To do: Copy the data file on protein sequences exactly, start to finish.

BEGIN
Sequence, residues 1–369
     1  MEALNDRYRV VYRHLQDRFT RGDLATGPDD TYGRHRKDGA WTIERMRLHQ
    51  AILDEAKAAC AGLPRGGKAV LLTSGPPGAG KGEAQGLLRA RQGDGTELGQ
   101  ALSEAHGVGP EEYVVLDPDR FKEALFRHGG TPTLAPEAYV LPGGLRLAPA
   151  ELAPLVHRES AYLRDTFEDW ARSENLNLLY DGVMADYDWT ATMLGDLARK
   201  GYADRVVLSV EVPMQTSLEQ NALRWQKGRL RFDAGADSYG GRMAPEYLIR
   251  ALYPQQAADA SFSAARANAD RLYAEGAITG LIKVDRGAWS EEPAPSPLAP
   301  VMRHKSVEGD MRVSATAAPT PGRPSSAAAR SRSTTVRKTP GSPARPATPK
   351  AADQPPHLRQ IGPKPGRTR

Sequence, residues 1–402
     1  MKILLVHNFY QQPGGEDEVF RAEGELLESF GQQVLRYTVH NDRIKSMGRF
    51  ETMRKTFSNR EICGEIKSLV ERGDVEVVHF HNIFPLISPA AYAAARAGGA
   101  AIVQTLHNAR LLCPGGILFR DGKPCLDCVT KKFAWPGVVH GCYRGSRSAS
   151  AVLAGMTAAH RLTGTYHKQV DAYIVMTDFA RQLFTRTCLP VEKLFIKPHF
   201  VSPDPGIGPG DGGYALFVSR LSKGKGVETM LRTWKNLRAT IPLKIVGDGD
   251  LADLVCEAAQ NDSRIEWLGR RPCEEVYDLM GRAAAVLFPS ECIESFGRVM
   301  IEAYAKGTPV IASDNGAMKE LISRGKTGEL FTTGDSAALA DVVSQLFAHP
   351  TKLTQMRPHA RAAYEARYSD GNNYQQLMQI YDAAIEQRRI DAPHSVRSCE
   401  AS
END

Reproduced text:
Sequence, residues 1–369
     1  MEALNDRYRV VYRHLQDRFT RGDLATGPDD TYGRHRKDGA WTIERMRLHQ
    51  AILDEAKAAC AGLPRGGKAV LLTSGPPGAG KGEAQGLLRA RQGDGTELGQ
   101  ALSEAHGVGP EEYVVLDPDR FKEALFRHGG TPTLAPEAYV LPGGLRLAPA
   151  ELAPLVHRES AYLRDTFEDW ARSENLNLLY DGVMADYDWT ATMLGDLARK
   201  GYADRVVLSV EVPMQTSLEQ NALRWQKGRL RFDAGADSYG GRMAPEYLIR
   251  ALYPQQAADA SFSAARANAD RLYAEGAITG LIKVDRGAWS EEPAPSPLAP
   301  VMRHKSVEGD MRVSATAAPT PGRPSSAAAR SRSTTVRKTP GSPARPATPK
   351  AADQPPHLRQ IGPKPGRTR

Sequence, residues 1–402
     1  MKILLVHNFY QQPGGEDEVF RAEGELLESF GQQVLRYTVH NDRIKSMGRF
    51  ETMRKTFSNR EICGEIKSLV ERGDVEVVHF HNIFPLISPA AYAAARAGGA
   101  AIVQTLHNAR LLCPGGILFR DGKPCLDCVT KKFAWPGVVH GCYRGSRSAS
   151  AVLAGMTAAH RLTGTYHKQV DAYIVMTDFA RQLFTRTCLP VEKLFIKPHF
   201  VSPDPGIGPG DGGYALFVSR LSKGKGVETM LRTWKNLRAT IPLKIVGDGD
   251  LADLVCEAAQ NDSRIEWLGR RPCEEVYDLM GRAAAVLFPS ECIESFGRVM
   301  IEAYAKGTPV IASDNGAMKE LISRGKTGEL FTTGDSAALA DVVSQLFAHP
   351  TKLTQMRPHA RAAYEARYSD GNNYQQLMQI YDAAIEQRRI DAPHSVRSCE
   401  AS